Continue reading I’ve Gone Vegan to Help Try to Save the Planet

Bee-killing pesticides used on soya crops don’t even do what they’re supposed to


The US EPA has yet to do much about neonicotinoids, the class of pesticides implicated in the  mass bee die-offs, but it has started looking into them. And the results of an extensive review into one such pesticide, commonly applied to soybean seeds, presents another compelling reason to ban them: using them, the agency found, isn’t any better than using no pesticides at all.

“These seed treatments provide negligible overall benefits to soybean production in most situations,” the report concludes; at most, they up revenue by $6, or less than 2 percent, per acre, but the more likely estimate is $0. Part of the problem is that the insecticides are only effective within the first few weeks of planting, while the insects they’re intended to combat aren’t typically active during that time. And if attacks do occur, the study identified a whole assortment of other, non-bee-killing alternatives that are both effective and comparable in cost.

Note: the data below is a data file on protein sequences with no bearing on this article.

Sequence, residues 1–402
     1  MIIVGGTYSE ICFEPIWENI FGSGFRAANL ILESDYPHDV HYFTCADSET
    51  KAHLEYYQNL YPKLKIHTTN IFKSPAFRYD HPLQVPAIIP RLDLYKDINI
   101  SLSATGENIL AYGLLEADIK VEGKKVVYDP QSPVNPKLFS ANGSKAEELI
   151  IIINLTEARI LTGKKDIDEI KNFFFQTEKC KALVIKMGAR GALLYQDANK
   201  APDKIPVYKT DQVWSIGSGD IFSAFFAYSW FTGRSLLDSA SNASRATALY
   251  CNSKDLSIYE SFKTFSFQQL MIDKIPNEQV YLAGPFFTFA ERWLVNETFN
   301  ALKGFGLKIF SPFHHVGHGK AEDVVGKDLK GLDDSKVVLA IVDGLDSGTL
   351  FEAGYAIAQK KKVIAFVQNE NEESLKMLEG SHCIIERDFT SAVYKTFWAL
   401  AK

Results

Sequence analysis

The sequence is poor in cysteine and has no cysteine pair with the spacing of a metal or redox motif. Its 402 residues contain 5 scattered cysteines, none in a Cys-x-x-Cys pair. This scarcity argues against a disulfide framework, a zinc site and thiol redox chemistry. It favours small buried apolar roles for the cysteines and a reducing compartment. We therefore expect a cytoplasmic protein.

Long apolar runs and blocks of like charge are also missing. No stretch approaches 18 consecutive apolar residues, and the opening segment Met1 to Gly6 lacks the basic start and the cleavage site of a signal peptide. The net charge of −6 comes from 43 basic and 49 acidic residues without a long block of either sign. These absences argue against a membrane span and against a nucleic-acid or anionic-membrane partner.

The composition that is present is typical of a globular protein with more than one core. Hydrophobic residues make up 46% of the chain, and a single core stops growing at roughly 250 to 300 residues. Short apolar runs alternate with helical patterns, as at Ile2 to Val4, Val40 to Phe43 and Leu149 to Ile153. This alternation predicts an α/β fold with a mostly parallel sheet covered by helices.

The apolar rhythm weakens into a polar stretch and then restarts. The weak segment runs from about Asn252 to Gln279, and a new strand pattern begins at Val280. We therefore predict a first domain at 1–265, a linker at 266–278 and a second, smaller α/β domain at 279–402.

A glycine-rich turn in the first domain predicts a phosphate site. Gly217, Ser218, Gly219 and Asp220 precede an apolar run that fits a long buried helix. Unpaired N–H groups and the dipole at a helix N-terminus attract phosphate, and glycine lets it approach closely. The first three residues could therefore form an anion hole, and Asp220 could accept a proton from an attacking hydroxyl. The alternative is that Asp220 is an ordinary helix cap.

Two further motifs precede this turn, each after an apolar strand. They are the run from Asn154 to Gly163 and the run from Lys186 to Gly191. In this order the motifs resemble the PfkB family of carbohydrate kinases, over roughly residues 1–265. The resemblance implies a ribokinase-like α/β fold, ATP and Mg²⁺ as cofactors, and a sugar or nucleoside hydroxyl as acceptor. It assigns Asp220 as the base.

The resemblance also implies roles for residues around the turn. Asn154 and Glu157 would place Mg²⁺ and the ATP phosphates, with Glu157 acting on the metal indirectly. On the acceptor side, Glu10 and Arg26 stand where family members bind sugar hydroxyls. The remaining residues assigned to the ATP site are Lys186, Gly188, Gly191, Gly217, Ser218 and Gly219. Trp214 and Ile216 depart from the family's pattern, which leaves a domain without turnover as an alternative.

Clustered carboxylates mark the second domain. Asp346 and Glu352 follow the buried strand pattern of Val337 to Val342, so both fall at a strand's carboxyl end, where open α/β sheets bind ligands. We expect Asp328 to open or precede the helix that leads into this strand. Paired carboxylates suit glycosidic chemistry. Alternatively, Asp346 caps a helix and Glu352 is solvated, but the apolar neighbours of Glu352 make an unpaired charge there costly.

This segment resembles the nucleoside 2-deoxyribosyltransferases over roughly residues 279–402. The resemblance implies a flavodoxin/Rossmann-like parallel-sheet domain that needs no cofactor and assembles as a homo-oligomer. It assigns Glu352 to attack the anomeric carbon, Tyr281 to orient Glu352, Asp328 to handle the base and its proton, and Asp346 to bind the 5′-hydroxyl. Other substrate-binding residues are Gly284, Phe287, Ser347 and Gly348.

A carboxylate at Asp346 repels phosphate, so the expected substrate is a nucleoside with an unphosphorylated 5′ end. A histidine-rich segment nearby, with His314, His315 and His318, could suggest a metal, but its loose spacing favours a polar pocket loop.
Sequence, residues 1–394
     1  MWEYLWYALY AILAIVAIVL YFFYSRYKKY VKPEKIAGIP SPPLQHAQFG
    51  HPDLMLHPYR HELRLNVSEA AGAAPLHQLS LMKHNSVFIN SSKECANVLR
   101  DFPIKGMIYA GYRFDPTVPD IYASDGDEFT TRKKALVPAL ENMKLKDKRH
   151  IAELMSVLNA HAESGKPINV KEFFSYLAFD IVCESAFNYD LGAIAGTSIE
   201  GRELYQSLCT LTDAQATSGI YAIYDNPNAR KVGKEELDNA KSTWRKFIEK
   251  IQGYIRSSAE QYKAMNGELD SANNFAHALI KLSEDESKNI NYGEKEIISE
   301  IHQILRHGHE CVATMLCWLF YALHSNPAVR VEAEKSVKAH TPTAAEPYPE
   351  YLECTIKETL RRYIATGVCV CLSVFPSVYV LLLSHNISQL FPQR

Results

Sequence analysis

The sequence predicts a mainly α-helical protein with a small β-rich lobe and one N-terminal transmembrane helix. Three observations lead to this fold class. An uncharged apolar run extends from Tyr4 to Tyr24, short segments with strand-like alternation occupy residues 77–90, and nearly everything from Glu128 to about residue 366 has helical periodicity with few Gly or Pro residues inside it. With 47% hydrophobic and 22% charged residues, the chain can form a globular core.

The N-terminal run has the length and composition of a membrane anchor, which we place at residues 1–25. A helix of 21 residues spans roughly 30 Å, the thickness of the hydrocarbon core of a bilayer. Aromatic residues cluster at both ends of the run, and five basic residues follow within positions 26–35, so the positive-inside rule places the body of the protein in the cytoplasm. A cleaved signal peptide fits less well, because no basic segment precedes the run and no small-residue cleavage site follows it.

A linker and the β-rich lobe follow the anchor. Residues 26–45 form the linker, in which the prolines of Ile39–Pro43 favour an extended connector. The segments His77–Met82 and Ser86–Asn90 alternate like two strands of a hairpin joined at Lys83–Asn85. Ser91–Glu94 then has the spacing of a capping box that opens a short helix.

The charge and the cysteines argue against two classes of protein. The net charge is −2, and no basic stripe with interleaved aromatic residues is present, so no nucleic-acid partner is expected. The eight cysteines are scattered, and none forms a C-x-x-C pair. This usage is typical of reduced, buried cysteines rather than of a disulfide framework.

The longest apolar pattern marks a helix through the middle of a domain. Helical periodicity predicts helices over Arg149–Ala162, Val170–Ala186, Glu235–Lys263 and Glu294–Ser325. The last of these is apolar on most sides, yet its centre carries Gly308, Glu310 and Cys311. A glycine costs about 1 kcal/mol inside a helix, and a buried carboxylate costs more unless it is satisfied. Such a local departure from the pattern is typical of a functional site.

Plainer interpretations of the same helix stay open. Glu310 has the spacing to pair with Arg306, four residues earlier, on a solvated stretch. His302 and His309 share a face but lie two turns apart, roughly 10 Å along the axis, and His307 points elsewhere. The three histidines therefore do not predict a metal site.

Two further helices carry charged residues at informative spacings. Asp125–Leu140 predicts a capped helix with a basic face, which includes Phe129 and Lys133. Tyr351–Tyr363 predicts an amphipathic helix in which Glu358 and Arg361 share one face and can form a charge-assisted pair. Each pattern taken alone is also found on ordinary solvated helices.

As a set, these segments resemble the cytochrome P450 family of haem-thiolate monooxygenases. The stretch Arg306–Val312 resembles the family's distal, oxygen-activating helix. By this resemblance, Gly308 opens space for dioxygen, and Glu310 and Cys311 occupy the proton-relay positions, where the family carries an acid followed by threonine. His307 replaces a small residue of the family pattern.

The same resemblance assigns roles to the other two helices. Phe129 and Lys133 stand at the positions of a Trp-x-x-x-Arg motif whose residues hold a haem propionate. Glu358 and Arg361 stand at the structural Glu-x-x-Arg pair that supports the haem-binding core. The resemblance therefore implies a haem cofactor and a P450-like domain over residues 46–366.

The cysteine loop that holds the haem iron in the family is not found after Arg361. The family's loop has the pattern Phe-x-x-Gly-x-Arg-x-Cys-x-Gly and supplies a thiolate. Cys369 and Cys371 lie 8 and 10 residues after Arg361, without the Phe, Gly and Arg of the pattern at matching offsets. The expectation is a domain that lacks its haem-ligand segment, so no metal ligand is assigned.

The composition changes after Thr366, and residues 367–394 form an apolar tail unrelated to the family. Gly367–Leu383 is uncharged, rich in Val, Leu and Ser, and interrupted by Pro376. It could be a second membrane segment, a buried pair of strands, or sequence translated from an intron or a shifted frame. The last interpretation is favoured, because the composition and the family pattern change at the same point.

Colony collapse disorder, on the other hand, has cost the U.S. an estimated $2 billion in lost hives and, as a result, some $30 billion in crops.

Aside from being prime suspects in the mysterious disappearance of entire bee colonies, the Center for Biological Diversity points out that the pesticides in question were also the culprit in the single largest bee die-off in history, when 50,000 honeybees were discovered dead in an Oregon parking lot. Aside from those tragedies, they’re also blamed for bird declines and for polluting waterways.

Last year, a consortium of environmental groups sued the EPA for its failure to protect important pollinators. The agency, in response, said it plans to continue reviewing the evidence until 2018.

Controversy Deepens Over Pesticides and Bee Collapse

The nerve poison harming our bees

Ban neonicotinoids now – to avert another silent spring – This pesticide is destroying life across the natural world: the evidence cannot be denied. Only a global moratorium will stop it

Widespread impacts of neonicotinoids ‘impossible to deny’

Pesticidemakers Challenge E.U. Neonicotinoid Ban in Court

Bee deaths: EU to ban neonicotinoid pesticides

Bee-harming pesticides banned in Europe

European Union Protects Bees but U.S. Continues to Allow Neonicotinoid Pesticides

Bee Survival in Europe

Neonicotinoid ban won’t fix all bees’ problems

Bee activist: EU ban on neonicotinoids undermined by national derogations

Neonicotinoid ban hit UK farmers hard